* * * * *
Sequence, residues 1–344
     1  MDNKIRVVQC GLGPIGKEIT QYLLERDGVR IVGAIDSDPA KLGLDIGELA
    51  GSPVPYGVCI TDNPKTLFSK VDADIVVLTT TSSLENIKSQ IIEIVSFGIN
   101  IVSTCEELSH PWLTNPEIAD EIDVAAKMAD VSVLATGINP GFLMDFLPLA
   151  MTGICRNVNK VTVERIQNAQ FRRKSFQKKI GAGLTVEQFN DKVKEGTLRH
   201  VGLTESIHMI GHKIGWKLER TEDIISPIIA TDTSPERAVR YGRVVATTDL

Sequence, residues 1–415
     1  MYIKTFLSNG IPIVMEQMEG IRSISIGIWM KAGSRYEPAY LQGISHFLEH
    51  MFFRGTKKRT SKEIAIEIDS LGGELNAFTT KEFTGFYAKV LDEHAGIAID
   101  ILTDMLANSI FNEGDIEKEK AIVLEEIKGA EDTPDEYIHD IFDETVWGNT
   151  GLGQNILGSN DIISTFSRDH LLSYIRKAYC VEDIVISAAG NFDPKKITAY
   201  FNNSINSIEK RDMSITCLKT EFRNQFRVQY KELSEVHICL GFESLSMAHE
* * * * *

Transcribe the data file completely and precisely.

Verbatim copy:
Sequence, residues 1–344
     1  MDNKIRVVQC GLGPIGKEIT QYLLERDGVR IVGAIDSDPA KLGLDIGELA
    51  GSPVPYGVCI TDNPKTLFSK VDADIVVLTT TSSLENIKSQ IIEIVSFGIN
   101  IVSTCEELSH PWLTNPEIAD EIDVAAKMAD VSVLATGINP GFLMDFLPLA
   151  MTGICRNVNK VTVERIQNAQ FRRKSFQKKI GAGLTVEQFN DKVKEGTLRH
   201  VGLTESIHMI GHKIGWKLER TEDIISPIIA TDTSPERAVR YGRVVATTDL

Sequence, residues 1–415
     1  MYIKTFLSNG IPIVMEQMEG IRSISIGIWM KAGSRYEPAY LQGISHFLEH
    51  MFFRGTKKRT SKEIAIEIDS LGGELNAFTT KEFTGFYAKV LDEHAGIAID
   101  ILTDMLANSI FNEGDIEKEK AIVLEEIKGA EDTPDEYIHD IFDETVWGNT
   151  GLGQNILGSN DIISTFSRDH LLSYIRKAYC VEDIVISAAG NFDPKKITAY
   201  FNNSINSIEK RDMSITCLKT EFRNQFRVQY KELSEVHICL GFESLSMAHE